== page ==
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Hip Hop Lecture Series: Amanda Boston, PhD ’18

, Carmichael Auditorium, Room 130

Professor Tricia Rose’s 1994 award-winning book, Black Noise: Rap Music and Black Culture in Contemporary America, is considered foundational text for the study of hip hop, one that has defined what is now an entire field of study. To celebrate the 25th anniversary of Black Noise, Professor Rose and the Center for the Study of Race and Ethnicity in America at BrownRead More

Hip Hop Lecture Series: Bakari Kitwana

, Carmichael Auditorium, Room 130

Professor Tricia Rose’s 1994 award-winning book, Black Noise: Rap Music and Black Culture in Contemporary America, is considered foundational text for the study of hip hop, one that has defined what is now an entire field of study. To celebrate the 25th anniversary of Black Noise, Professor Rose and the Center for the Study of Race and Ethnicity in America at BrownRead More

Ashley Farmer, “The Black Women Intellectuals and Activists Who Revolutionized Black Power”

, Petteruti Lounge (Room 201)

Ashley Farmer will share her research on women in the Black Panther Party. She will speak the multi-faceted roles that they played in the Party’s organizational and ideological development and to how they crafted the ideal of the “black revolutionary woman” in popular and political culture. This talk comes from Farmer’s book, Remaking Black Power: How Black Women Transformed anRead More

Richard Rothstein, “The Color of Law: A Forgotten History of How Our Government Segregated America”

, Petteruti Lounge (Room 201)

Richard Rothstein of the Economic Policy Institute will give a lecture on his recent book, The Color of Law: A Forgotten History of How Our Government Segregated America. The book recovers a forgotten history of how federal, state, and local policy explicitly segregated metropolitan areas nationwide, creating racially homogenous neighborhoods in patterns that violate theRead More

Seeing Beyond the Veil: Race-ing Key Concepts in Political Theory (Day 2 of 2)

, Crystal Room

Download a complete conference program with agenda and speaker information.

How does work on race push us to reformulate or abandon established concepts in political theory? Participants in this conference draw on the archive of black political thought to make powerfulRead More

Seeing Beyond the Veil: Race-ing Key Concepts in Political Theory (Day 1 of 2)

Presented by the Department of Political Science, the Center for the Study of Race and Ethnicity in America, and the Pembroke Center for Teaching and Research on Women.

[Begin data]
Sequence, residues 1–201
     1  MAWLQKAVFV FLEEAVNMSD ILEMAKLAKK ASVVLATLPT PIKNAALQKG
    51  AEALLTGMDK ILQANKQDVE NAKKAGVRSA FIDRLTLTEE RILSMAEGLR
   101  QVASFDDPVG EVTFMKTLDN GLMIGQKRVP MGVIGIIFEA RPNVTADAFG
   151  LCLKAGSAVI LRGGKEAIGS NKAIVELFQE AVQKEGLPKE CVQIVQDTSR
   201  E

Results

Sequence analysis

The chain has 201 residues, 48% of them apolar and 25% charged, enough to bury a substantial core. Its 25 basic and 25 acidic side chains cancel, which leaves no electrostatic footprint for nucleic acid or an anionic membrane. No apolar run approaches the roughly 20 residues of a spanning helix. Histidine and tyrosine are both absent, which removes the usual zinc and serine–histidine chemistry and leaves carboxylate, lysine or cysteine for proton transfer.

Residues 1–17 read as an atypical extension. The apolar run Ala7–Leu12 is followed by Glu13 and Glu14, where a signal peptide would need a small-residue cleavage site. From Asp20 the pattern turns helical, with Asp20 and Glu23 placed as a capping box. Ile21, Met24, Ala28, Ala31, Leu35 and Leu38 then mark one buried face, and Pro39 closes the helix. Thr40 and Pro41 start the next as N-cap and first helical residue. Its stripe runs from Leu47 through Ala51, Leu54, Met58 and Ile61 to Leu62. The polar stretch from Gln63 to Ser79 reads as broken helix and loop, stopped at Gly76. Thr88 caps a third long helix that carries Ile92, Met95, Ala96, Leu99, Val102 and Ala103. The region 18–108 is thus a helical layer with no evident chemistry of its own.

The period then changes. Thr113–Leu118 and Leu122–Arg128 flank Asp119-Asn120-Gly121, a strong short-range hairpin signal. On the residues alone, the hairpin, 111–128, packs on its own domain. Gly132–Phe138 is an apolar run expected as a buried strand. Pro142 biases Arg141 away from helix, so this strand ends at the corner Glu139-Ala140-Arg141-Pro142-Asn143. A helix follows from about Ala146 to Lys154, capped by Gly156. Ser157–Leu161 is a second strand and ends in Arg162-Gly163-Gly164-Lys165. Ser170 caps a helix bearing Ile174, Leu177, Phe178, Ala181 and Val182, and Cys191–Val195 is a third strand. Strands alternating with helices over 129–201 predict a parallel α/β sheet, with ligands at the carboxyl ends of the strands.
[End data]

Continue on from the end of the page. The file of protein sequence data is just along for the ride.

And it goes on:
, Room 305

Download a complete conference program with agenda and speaker information.

How does work on race push us to reformulate or abandon established concepts in political theory? Participants in this conference draw on the archive of black politicalRead More

Pawan Dhingra, “The Racialization of ‘Honorary Whites’: Asian Americans and New Conceptions of Race”

, Petteruti Lounge (Room 201)

As scholars formulate race beyond the black-white binary, immigrants classified as “honorary whites” have proven both crucial and elusive. Current racial formulations delineate three main categories: whites, honorary whites, and collective blacks. Whites and collective blacks represent the binary poles of a racial hierarchy, where practically all attention to raceRead More

Tanya K. Hernández, “Multiracials and Civil Rights: Mixed-Race Stories of Discrimination”

, Room 130

In her new book “Multiracials and Civil Rights: Mixed-Race Stories of Discrimination,” Professor Tanya Katerí Hernández explores the question of how to pursue racial equality in a growing multiracial world. The growth of a mixed-race population has led some commentators to proclaim that multiracial discrimination is distinct in nature fromRead More

“Equitable Care for the Incarcerated: Perspectives on the Past, Present, and Future”

, Room 108

Mass incarceration in the United States disproportionately affects communities of color and LGBTQ individuals, which results in profound and negative effects on community health. This discussion is part of a series titled, “The Impact of Incarceration on Community, Health, and Wellness,” which aims to provide an introduction to important themes that contribute to the overall experiences andRead More

Martha S. Jones, "Birthright Citizens: A History of Race and Rights in Antebellum America"

, Room 130, 85 Waterman Street, Providence RI 02912

Birthright Citizens tells how African American activists radically transformed the terms of citizenship for all Americans. Before the Civil War, colonization schemes and black laws threatened to deport former slaves born in the United States. Birthright Citizens recovers the story of how African American activists remade national belongingRead More

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